Is your finished pamphlet looking for a home? If so, there’s still time to enter this year’s Prole Pamphlet Competition, being judged by John McCullough. Your pamphlet needs to be between 20 and 40 pages. Closing date is September 16th. More details at: Prole
It’s always a pleasure to open a copy of Prole magazine which celebrates its silver anniversary with issue 25. Editors Brett Evans and Phil Robertson have a keen eye for poetry that punches its weight yet remains accessible.
Poets featured in this spring issue include Ndonwie Muma Alain, Juliet Antill, Claire Booker, Richard Hillesley, Jennifer A. McGowan, Laura McKee, Arji Manuelpillai, Robert Nisbet, DA Prince, Charley Reay, Gareth Writer-Davis and Stella Wulf.
You can also read the winning poems from The Prole Laureate Poetry competition 2018, judged by Kate Garrett: “My favourite poems always have three things; musicality, exceptionality, and heart. I love words that chime well together, unforced.”
Louise Warren wins outright with her beautiful and mysterious poem The Marches. I was very lucky to hear her perform this poem recently at More Poetry in the City of London. The poem works just as beautifully orally as it does on the page. The runner-up is Mary Gilonne with her touching poem extra-marital morning on the edge of nowhere. Third prize winner Bruce Marsland offers a witty (and unsettling) post-apocalyptic take, toolbox for the penultimate age.
And of course, as always in Prole, there are short stories too, plus cartoonist Sparx is on hand with more tongue in cheek humour. So plenty to occupy you if (when?) the weather takes a turn for the worse.
To buy a copy of Prole (issue 25), to submit your own work, or to consider entering the Prole Pamphlet Competition 2018, please visit: Prole
Winner of Best Magazine at The Saboteur Awards in the year that Wales magicked itself into footballing history, Prole has a lot to be proud about.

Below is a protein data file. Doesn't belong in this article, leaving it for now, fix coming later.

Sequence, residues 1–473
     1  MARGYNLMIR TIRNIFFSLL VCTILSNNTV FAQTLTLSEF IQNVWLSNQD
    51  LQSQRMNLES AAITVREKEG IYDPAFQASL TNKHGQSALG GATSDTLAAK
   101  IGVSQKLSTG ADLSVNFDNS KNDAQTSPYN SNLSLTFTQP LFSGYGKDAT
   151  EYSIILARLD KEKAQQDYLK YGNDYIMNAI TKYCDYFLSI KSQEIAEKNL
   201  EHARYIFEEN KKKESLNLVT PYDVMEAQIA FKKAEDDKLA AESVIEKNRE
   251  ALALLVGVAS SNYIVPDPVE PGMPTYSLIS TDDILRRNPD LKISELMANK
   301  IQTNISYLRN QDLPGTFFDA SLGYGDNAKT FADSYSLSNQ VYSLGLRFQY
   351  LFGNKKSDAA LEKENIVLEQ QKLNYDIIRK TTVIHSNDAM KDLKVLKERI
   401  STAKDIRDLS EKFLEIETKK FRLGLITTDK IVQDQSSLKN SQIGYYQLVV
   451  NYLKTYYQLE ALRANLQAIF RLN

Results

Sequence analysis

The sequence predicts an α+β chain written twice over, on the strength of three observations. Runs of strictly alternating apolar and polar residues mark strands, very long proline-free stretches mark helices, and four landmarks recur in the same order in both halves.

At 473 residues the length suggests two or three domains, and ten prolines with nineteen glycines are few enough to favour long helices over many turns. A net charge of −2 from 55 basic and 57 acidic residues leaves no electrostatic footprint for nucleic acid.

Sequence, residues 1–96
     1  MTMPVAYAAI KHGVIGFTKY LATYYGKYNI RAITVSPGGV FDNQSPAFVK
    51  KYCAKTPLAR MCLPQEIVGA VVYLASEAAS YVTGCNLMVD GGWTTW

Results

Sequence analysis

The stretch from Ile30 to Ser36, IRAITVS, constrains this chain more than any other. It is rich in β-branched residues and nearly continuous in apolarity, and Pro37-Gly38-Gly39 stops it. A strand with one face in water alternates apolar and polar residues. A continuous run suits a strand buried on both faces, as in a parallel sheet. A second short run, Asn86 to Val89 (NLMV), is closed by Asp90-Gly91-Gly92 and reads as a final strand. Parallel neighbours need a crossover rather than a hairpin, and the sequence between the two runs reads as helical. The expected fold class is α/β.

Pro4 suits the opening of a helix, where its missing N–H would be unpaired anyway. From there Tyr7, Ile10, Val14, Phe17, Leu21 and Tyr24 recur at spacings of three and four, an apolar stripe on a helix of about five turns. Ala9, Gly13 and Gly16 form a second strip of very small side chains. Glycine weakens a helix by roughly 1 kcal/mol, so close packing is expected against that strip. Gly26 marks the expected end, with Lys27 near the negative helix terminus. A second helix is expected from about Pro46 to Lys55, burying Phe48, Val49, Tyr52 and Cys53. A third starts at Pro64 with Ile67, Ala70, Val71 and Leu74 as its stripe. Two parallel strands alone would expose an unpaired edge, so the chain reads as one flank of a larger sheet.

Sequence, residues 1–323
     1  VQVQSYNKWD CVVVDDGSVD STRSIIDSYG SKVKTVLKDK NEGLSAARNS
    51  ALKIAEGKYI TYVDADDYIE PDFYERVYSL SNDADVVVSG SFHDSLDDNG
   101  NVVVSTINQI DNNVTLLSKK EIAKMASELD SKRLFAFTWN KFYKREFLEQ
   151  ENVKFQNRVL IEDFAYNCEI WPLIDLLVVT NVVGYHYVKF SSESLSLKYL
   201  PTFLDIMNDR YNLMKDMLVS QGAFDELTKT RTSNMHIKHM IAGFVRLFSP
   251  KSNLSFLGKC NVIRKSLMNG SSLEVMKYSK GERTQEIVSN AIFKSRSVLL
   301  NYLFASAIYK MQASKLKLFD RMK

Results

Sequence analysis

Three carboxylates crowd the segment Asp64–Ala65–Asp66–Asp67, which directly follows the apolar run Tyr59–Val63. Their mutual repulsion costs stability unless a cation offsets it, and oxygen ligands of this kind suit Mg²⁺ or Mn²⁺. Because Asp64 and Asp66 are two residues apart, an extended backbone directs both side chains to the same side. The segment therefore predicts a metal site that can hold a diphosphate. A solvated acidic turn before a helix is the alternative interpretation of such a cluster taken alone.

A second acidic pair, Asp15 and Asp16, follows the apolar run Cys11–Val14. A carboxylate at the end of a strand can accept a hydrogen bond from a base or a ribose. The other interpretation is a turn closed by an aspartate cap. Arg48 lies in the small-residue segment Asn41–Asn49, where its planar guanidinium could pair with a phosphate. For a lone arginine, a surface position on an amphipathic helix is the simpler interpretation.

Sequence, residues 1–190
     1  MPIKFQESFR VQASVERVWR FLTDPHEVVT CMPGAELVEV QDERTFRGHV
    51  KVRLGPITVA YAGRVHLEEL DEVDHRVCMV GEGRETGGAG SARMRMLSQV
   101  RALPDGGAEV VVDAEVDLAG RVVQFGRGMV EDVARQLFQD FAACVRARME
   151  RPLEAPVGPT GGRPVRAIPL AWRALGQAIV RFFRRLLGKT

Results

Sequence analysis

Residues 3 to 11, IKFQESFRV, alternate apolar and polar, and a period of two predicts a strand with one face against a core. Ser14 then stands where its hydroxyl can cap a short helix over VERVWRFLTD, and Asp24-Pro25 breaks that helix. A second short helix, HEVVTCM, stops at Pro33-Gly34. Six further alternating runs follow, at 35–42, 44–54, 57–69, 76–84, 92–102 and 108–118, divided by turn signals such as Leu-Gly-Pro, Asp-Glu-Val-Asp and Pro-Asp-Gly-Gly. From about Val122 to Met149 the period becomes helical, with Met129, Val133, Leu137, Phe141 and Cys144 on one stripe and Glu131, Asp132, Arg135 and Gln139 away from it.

Issue 20 of the Welsh-based lit mag is packed to the rafters with short stories and poetry from the Anglophone world. Poets published in time for autumn include Claire Booker, Matt Duggan, Mab Jones, Joanne Key, Lisa Kelly, Tess Kincaid, Sue Pace and Jonny Rodgers.
To lift a quote from one of the many Saboteur Award voters: “Prole takes risks, is innovative and don’t take no bullshit from no-one.” Yes indeed, Prole editors Brett Evans and Phil Robertson accept only clear-sighted work that isn’t dressed up in literary pretention.
One of the highlights for me in this issue is Bill Schillaci’s story The Artist Between Lives which had me hooked from the beginning with its ironic take on sessions with a psychotherapist. Also, Maureen Cullen’s Ring of Fire with its great observations and Glaswegian verbal dexterity. Poems that stand out for me include Tess Kincaid’s surreal poem Totem and Lisa Kelly’s Angelica’s Apology. There’s a guilt-inducing little gem from Robert de Born about slug extermination too. And a cartoon by Sparx rounds off the issue
If you’re a prose writer, there’s still time to enter the 2016 Prolitzer Prize which closes for entries on October 1st. Word limit is 2,500. For more details of the competition, or to submit poetry and/or prose to Prole, or buy a copy of issue 20, please click on: www.prolebooks.co.uk